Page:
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Saturday, November 12, 2016

Psalms 1-5

I am writing comments on the psalms as a personal discipline. I will share insights and observations here. They are not scholarly or filled with great wisdom. I recommend you read your Bible before you read my version. It's always best to go to the source.  

Psalms1- Happy and Blessed

The person who does not engage in evil and wicked endeavors is happy and his or her delight is in the Lord. The one who does not take the path of  evil, or follow the advice or the wicked, or join in mocking and degrading behavior, but instead, meditates on the Lord's instruction day and night is blessed. He or she is like a tree that is planted beside a stream of water and bears fruit in season. 

Continually feeding on the Word of God strengthens and renews the Christian who is besieged on every hand by the standards and pressures of the world.

Those who are wicked do not receive the same;  they are like the chaff removed from the grain, useless, blown by the wind. The wicked will not be able to stand when judgment comes because their efforts have not produced strength and righteousness.

Psalms 2 Coronation of the Son of the King

This Psalm could have been commemorating the coronation of a king, but I read it as the recognition of Jesus as the King of  God's eternal kingdom. David did not live to see the his son succeed him, so even though this is written by David, it does not refer to an event in his life. It is prophetic of the Messiah's ascension in heavenly realms.

The event is both earthly and heavenly. It identifies the "rulers who conspire together against the Lord and His Anointed One."  Zion is the scene of the coronation and it is called, "My holy mountain."  Those who resist are presumably humans who have no regard for God, but God ridicules them. He pronounces the Son as the recipient of the inheritance of the nations.

The instruction to the nations is severe: Serve the Lord with awe and rejoice with trembling. Do not provoke His  anger that you perish. Take refuge in Him and be happy.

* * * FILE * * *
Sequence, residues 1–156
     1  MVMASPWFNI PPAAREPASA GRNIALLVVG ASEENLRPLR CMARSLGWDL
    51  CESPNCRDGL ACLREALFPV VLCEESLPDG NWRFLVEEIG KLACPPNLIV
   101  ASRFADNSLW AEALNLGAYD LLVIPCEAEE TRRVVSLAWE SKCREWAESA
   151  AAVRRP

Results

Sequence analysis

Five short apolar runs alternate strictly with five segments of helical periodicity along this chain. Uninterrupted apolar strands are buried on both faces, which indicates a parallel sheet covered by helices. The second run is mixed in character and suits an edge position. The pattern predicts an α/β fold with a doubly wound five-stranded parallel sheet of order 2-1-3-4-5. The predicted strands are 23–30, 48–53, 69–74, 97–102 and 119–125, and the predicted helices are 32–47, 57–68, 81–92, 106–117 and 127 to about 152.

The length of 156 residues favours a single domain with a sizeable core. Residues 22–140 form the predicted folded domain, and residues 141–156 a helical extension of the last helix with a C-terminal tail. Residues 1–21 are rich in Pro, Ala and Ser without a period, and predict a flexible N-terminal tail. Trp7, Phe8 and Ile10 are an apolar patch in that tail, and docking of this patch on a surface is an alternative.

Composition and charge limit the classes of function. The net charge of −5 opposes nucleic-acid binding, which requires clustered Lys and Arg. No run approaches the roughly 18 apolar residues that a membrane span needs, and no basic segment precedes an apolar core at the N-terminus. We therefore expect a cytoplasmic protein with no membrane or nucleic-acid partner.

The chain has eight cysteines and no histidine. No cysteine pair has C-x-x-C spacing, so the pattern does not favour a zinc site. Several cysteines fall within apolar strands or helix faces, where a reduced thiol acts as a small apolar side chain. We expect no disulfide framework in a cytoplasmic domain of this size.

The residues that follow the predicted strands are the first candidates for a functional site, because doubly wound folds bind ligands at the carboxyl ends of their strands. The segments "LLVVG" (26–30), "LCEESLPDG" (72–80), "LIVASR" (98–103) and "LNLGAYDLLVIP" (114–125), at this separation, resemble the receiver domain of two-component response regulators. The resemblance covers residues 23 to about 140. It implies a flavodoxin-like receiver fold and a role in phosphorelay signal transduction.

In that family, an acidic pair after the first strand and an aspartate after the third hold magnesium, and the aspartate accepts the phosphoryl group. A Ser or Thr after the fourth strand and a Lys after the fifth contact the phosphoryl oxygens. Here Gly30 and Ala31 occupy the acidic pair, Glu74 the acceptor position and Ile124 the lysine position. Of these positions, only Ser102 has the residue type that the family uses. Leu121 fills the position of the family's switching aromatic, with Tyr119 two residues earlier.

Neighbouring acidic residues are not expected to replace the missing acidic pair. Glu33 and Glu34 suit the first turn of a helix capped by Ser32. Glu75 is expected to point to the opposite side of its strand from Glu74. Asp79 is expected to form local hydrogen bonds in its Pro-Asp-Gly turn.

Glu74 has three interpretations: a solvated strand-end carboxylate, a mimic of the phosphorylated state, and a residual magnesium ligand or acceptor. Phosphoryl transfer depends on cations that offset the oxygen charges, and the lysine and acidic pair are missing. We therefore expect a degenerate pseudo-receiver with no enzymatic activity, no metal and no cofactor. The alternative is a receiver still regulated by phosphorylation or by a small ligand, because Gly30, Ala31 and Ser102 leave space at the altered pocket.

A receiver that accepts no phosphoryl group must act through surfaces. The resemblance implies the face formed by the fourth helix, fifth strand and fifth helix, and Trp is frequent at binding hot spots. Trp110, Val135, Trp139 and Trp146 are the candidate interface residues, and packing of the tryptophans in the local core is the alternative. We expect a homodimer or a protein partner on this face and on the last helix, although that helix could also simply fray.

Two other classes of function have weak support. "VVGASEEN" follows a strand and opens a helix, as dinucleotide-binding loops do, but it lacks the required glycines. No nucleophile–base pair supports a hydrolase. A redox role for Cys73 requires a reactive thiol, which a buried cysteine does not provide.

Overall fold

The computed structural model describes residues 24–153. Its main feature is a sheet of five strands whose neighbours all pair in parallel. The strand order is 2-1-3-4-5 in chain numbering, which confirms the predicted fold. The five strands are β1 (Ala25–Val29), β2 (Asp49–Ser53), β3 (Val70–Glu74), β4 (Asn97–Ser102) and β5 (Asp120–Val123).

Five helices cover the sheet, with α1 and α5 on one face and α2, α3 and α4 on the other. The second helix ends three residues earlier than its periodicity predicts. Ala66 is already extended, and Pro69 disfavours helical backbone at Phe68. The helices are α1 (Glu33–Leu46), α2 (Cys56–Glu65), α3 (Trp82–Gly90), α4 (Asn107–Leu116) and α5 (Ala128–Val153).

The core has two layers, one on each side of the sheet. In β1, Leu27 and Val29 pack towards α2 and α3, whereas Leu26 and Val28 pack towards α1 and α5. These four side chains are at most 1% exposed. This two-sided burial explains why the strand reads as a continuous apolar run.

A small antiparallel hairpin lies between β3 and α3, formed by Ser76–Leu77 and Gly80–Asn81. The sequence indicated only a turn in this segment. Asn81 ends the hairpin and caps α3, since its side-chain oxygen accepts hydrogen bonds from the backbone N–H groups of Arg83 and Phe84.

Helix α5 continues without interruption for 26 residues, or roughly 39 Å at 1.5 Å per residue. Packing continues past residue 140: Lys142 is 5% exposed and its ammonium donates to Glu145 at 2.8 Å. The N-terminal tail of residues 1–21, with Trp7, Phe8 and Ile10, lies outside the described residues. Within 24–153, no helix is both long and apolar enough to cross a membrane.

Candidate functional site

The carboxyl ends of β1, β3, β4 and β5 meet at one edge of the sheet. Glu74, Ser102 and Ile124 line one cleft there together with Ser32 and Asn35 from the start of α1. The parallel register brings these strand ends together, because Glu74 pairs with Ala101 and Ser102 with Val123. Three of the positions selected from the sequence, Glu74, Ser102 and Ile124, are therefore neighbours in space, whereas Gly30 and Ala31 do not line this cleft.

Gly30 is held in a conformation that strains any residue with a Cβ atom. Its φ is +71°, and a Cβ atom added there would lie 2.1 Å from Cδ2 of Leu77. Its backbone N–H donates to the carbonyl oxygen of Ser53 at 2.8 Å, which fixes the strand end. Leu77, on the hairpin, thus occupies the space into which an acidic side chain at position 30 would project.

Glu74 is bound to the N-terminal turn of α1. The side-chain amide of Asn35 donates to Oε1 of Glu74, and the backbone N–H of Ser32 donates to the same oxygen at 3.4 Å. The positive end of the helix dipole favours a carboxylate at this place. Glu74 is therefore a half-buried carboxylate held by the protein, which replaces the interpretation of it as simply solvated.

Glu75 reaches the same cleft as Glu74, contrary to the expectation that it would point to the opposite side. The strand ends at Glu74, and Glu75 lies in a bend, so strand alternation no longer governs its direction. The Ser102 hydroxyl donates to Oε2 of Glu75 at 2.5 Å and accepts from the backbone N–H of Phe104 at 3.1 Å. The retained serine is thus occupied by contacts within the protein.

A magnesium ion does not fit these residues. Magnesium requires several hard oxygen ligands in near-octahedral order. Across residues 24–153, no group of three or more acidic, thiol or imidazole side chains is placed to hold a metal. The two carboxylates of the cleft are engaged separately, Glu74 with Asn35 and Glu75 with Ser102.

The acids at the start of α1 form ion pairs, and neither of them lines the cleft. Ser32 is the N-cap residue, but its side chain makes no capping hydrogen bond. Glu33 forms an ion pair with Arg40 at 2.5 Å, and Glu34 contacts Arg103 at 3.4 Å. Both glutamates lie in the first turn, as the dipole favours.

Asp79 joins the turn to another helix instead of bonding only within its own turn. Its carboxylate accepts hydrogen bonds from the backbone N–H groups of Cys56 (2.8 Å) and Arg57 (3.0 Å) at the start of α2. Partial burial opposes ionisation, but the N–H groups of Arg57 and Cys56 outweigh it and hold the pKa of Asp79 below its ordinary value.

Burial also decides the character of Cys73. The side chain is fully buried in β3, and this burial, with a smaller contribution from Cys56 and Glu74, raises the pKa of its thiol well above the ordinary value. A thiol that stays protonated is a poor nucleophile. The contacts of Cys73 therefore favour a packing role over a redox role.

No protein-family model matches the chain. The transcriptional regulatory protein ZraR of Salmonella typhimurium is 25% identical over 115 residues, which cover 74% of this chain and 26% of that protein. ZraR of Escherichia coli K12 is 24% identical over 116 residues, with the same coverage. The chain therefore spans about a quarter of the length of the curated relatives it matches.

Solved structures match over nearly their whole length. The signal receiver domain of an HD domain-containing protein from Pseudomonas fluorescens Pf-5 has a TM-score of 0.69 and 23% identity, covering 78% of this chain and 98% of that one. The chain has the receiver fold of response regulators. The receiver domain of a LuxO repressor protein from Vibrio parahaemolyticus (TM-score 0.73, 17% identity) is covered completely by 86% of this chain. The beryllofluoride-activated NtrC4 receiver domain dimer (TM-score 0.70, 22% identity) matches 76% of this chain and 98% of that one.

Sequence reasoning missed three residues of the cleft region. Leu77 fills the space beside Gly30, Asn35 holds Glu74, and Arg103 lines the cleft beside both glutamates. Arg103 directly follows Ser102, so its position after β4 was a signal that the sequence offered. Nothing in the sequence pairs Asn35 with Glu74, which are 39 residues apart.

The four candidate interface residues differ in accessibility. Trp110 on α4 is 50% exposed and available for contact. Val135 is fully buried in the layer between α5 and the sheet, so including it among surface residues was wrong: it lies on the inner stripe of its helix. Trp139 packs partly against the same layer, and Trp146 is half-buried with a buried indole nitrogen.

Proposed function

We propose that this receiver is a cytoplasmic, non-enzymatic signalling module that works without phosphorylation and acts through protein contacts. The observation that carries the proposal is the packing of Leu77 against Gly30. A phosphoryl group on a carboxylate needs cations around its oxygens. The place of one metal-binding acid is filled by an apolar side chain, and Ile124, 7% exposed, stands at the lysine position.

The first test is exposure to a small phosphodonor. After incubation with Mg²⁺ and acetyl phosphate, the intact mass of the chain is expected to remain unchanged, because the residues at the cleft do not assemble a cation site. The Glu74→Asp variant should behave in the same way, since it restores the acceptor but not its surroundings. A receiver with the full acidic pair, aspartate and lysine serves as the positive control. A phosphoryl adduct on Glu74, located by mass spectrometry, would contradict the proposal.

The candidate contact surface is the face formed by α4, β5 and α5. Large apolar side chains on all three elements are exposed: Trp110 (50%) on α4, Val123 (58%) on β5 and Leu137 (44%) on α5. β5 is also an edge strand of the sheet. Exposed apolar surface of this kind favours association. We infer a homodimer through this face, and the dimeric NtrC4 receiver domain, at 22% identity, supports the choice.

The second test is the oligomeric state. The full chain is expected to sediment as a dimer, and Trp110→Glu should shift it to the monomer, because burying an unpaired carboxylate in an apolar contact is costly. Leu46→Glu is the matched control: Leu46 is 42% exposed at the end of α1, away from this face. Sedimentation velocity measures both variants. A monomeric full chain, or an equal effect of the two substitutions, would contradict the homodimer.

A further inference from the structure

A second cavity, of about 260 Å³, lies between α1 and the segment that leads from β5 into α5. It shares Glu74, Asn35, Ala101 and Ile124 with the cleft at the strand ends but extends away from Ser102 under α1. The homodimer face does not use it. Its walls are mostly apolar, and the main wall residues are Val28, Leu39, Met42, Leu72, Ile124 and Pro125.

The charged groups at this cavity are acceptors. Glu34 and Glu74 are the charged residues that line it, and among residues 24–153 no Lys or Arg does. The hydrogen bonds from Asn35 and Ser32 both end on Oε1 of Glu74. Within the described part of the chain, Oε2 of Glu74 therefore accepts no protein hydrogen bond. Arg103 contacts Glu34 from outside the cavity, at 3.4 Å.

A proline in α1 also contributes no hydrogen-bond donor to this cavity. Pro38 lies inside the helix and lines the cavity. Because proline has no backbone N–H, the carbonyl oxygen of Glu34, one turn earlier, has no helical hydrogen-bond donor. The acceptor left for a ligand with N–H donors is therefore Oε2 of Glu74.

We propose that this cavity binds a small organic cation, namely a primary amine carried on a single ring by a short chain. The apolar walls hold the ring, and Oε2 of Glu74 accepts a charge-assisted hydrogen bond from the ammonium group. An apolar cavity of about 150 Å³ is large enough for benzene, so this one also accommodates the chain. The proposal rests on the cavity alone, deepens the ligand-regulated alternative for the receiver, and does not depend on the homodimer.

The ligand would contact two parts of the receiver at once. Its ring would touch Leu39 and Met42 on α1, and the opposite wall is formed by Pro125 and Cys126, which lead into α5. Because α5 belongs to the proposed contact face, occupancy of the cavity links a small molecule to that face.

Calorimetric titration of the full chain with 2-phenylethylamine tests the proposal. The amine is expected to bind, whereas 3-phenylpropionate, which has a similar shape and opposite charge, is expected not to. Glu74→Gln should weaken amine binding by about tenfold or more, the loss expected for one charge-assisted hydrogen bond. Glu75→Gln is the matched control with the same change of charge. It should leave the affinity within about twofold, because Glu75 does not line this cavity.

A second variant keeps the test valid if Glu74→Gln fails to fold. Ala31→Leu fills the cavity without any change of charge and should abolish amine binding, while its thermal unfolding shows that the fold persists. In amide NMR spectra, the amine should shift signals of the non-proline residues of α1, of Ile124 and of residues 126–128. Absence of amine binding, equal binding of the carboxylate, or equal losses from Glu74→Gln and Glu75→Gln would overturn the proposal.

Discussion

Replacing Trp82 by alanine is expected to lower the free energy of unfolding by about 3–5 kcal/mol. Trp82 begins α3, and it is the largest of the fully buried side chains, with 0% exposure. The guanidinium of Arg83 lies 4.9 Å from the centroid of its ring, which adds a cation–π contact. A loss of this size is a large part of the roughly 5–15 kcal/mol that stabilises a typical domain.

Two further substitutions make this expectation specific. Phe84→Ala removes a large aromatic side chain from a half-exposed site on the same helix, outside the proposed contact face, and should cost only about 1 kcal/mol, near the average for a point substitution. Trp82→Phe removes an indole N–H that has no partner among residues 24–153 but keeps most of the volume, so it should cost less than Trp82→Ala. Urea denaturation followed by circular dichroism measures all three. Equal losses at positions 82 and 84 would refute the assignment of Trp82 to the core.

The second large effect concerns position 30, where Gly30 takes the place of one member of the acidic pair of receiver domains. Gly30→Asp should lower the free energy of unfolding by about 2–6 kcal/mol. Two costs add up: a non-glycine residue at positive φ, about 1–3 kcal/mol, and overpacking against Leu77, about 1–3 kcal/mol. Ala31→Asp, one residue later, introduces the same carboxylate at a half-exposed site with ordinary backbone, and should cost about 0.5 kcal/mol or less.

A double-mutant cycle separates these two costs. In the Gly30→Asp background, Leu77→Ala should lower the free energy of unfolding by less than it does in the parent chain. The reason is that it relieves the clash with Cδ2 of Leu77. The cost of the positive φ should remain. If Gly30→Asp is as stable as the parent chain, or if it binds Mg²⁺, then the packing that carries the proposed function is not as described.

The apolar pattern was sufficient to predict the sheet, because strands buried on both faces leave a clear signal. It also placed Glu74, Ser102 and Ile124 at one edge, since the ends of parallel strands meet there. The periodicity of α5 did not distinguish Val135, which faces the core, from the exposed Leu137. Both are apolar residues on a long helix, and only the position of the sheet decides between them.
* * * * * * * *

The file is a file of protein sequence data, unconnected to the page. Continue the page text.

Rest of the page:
Psalms 3 prayer in time of trouble

This another of the Psalms written by David. He lists the problems his foes are causing and he finds no one to help. But then he remembers that God provides a shield around him. God lifts his head and pours glory on him. God answers Davids cries from His holy mountain. Now he can sleep sustained by God even though many are standing against him. 
Now he can acknowledge and praise God for his power and salvation and claim His blessings for the people.

Psalm 4 Prayer for Evening

This Psalm of David is intended to be sung with stringed instruments.

First, he beseeches God to answer him when he calls for help. Then he acknowledges that God vindicates him. Finally he seeks God to be gracious and hear his prayer.

Sometimes in Psalms David is speaking to the public, giving instruction, or naming the attributes of God. In verse 2 he questions those who perhaps are subjects: How long, exalted men, will my honor be insulted. Then he returns to his confidence in God's provision. 

He recognizes the human tendency to experience anger and act in haste, but he cautions his subjects: be angry but don't sin; instead reflect in your heart and be still.

His advise to his subjects, or the people of his court, remains the same. Look to the Lord because He has put joy in the heart. David can sleep in peace and safety in the presence of God.